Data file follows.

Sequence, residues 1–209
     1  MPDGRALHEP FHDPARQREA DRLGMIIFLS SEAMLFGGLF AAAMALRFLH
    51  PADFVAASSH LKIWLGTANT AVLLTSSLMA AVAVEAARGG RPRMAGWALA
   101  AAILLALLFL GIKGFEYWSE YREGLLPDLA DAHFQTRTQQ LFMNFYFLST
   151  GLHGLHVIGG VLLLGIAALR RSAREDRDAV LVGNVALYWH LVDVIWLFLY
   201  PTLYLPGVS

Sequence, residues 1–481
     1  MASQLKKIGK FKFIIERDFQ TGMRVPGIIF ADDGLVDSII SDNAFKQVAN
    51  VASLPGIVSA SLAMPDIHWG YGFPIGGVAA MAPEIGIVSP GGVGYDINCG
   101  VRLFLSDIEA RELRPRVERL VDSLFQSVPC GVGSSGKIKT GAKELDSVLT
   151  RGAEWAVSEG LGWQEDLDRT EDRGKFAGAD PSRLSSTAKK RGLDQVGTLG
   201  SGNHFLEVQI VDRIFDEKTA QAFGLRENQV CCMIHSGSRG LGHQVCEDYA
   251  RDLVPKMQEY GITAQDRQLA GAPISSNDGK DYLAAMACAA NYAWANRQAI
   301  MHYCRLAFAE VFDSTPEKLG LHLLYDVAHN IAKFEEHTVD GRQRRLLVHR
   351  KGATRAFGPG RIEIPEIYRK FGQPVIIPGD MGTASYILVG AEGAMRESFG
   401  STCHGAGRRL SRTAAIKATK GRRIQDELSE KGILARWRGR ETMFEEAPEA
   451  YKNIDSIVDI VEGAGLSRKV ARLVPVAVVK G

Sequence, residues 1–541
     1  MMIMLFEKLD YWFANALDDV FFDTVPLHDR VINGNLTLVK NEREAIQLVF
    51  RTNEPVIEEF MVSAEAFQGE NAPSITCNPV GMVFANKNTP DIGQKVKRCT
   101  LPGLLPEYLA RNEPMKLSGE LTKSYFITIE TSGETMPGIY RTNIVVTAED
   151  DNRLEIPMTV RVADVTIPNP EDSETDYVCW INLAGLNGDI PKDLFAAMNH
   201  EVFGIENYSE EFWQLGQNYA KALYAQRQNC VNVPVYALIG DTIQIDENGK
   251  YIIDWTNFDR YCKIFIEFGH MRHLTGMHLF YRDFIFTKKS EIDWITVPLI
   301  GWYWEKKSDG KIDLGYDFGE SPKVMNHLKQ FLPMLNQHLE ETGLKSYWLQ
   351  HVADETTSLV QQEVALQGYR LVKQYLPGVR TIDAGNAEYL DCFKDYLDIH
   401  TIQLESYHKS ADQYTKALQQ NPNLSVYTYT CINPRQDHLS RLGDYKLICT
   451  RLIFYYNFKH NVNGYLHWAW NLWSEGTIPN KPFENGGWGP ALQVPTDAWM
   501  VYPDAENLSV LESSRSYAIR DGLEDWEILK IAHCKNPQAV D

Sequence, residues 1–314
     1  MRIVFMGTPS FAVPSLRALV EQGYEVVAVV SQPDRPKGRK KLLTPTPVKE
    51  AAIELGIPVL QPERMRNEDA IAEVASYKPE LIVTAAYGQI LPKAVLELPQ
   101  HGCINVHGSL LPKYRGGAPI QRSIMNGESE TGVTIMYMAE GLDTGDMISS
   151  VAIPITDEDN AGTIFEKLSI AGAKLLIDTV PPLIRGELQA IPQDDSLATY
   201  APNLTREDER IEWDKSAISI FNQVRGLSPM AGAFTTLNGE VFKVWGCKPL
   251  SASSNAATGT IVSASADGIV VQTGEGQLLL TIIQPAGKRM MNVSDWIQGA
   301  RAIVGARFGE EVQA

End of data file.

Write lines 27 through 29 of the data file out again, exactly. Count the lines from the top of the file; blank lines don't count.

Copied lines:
   401  TIQLESYHKS ADQYTKALQQ NPNLSVYTYT CINPRQDHLS RLGDYKLICT
   451  RLIFYYNFKH NVNGYLHWAW NLWSEGTIPN KPFENGGWGP ALQVPTDAWM
   501  VYPDAENLSV LESSRSYAIR DGLEDWEILK IAHCKNPQAV D